Characterization of enzymes that modify or degrade the Pseudomonas virulence factor, alginate
Douthit, Stephanie Ann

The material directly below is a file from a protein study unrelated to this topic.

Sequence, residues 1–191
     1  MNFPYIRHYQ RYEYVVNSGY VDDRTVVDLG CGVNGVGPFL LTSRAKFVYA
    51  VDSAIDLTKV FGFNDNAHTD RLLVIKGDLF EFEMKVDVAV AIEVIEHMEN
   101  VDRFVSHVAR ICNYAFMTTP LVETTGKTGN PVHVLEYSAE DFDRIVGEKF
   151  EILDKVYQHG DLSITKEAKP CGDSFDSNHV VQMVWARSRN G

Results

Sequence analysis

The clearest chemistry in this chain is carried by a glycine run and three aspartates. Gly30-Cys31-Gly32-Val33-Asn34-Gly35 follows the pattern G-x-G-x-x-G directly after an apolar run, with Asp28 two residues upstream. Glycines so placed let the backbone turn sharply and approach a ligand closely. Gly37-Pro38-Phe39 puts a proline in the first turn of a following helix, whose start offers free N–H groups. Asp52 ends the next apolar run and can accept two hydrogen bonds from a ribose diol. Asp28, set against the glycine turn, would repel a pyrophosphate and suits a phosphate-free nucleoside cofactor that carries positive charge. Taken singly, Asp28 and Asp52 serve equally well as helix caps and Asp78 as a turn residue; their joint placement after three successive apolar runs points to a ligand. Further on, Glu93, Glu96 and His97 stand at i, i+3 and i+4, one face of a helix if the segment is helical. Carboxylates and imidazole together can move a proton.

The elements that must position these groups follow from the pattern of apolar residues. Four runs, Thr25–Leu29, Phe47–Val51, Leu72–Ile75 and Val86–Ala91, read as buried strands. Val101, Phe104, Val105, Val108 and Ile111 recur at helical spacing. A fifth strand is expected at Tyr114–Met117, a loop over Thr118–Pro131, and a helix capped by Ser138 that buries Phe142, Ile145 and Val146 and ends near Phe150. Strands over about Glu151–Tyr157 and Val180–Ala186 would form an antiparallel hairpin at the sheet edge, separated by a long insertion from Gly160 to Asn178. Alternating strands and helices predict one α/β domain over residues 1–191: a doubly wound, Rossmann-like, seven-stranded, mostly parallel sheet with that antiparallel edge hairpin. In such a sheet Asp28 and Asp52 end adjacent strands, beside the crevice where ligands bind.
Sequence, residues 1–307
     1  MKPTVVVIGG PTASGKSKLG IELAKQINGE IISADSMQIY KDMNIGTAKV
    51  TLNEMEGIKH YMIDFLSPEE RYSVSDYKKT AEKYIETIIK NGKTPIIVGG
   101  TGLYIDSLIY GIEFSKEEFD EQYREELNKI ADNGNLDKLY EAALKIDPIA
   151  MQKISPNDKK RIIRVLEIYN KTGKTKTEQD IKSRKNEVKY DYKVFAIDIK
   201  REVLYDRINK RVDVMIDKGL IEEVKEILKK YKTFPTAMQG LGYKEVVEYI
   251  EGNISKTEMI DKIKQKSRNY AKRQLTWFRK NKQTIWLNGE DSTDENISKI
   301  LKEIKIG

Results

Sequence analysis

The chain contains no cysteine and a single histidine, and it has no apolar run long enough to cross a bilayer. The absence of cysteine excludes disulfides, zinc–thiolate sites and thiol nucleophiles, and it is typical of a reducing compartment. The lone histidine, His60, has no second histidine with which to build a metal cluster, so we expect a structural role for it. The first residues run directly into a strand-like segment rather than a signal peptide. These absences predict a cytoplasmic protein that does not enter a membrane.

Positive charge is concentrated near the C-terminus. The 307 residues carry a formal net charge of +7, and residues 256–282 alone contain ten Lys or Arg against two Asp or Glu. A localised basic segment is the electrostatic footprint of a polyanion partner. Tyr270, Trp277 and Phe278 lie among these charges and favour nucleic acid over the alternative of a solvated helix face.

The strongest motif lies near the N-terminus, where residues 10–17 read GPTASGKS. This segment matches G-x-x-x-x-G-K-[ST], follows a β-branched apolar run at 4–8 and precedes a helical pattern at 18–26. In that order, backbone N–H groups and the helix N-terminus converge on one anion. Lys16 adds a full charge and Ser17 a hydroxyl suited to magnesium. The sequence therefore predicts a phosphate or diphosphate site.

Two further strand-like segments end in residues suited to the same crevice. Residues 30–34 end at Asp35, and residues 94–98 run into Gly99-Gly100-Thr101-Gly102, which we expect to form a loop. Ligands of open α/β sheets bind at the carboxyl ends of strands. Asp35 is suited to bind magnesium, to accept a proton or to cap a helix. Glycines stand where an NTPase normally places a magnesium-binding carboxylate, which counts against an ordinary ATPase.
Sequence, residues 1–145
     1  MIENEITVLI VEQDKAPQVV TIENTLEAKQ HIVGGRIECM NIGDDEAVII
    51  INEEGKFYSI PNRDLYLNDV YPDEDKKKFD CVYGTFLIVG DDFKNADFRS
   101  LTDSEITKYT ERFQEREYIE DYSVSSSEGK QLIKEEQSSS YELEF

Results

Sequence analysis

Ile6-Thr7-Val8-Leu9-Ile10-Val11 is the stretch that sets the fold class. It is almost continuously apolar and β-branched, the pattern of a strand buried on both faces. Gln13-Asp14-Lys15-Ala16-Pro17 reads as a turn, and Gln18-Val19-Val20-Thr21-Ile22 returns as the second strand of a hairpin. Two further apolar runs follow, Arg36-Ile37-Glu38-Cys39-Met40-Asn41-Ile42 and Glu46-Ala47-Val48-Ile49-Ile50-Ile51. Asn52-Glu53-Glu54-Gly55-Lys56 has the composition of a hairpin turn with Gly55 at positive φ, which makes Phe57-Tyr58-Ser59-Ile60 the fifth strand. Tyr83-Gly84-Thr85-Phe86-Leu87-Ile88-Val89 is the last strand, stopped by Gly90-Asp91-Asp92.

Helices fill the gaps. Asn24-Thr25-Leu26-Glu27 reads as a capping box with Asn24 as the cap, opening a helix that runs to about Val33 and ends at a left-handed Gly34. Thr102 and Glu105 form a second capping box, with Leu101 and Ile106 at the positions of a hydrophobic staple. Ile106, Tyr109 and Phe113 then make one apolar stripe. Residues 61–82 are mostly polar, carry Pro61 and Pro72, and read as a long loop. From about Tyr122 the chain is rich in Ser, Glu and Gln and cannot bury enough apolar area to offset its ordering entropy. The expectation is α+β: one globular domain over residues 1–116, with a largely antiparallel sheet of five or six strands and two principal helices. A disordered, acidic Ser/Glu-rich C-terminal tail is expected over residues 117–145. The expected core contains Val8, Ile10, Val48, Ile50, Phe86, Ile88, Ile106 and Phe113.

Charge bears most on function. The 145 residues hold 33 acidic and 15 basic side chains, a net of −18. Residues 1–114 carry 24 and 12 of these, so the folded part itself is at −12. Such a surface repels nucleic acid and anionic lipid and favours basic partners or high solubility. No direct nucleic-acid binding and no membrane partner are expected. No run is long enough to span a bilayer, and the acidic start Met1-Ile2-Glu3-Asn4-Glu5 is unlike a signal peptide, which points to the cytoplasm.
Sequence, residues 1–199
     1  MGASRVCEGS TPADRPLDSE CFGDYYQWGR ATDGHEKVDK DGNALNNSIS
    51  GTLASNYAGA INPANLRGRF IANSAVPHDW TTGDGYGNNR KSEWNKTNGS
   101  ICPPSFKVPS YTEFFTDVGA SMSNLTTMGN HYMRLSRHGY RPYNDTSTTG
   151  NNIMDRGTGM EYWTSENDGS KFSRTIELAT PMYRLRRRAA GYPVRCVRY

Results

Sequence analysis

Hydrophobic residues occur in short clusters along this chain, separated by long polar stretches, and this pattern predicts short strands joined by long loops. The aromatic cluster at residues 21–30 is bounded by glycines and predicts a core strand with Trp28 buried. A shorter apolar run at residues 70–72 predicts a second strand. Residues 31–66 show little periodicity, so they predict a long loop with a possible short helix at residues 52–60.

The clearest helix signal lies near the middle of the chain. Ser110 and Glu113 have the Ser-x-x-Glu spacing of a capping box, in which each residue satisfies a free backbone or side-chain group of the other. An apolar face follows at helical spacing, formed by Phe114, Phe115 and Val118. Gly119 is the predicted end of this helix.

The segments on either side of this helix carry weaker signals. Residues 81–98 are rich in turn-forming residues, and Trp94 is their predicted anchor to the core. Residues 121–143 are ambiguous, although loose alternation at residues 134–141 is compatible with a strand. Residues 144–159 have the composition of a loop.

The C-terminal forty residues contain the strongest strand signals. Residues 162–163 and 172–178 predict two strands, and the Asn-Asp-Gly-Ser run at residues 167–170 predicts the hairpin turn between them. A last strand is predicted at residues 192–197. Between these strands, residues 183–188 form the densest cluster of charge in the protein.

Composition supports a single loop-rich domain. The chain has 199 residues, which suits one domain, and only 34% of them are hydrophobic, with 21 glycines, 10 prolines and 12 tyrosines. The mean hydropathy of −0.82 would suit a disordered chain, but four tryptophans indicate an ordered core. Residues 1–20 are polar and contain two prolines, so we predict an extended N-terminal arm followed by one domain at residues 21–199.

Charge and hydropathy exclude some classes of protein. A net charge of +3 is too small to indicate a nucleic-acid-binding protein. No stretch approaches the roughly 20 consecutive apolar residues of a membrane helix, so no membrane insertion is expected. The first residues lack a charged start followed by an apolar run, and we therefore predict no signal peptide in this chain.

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Biosynthesis of the polysaccharide alginate is important for Pseudomonas aeruginosa to establish chronic pulmonary infections in Cystic Fibrosis patients. Alginate is a linear polymer of β 1-4 linked D-mannuronate (M) interspersed with its C-5 epimer, L-guluronate (G). Initially D-mannuronate residues are polymerized into the periplasm as polymannuronic acid. In the periplasm, some polymannuronate residues are converted to L-guluronate residues by the C-5 epimerase, AlgG. Alginate is further modified by the addition of O-acetyl groups to the D-mannuronate residues Algl, AlgJ, and AlgF. The focus of this research was to further characterize the alginate modifying enzymes, AlgG and AlgJ. We found that AlgG contains a repeating sequence that is characterized as a CArbohydrate-binding and Sugar Hydrolases (CASH) domain. Proteins containing this domain fold as right-handed β-helices (RHβH) and bind to long chain linear polysaccharides. AlgG was predicted to fold as a RHβH by the 3D-PSSM structural prediction program. RHβH models of AlgG predict that the identified 324-DPHD-327 motif lies in the long shallow groove that may accommodate alginate. Site-directed mutations of this motif disrupt enzymatic activity, but not structural integrity, suggesting that these mutations lie in the epimerase catalytic domain. Asparagines 362 and 367 are predicted to stack with other asparagine residues along the β-helix. Results obtained from site directed mutants of N362 or N367 suggest that these mutations disrupt asparagine stacking and protein stability. Original attempts to identify alginate binding motifs were made using phage display peptide libraries. This technique proved unsuccessful in identifying binding motifs in AlgG or AlgJ, as discussed in Chapter 3. However, we were able to characterize AlgG with structural modeling, and identified two potentially important motifs in AlgJ. Two putative guluronate specific lyases were also identified in P. aeruginosa, PA1167 and PA1784. Overexpression of PA1167 in mucoid strains FRD1 and FRD1153 results in a non-mucoid phenotype, suggesting this acts as an alginate lyase. The experiments also show the P. aeruginosa cannot use alginate as a carbon source. This research provides a greater understanding of carbohydrate/protein interactions between alginate modifying enzymes and alginate.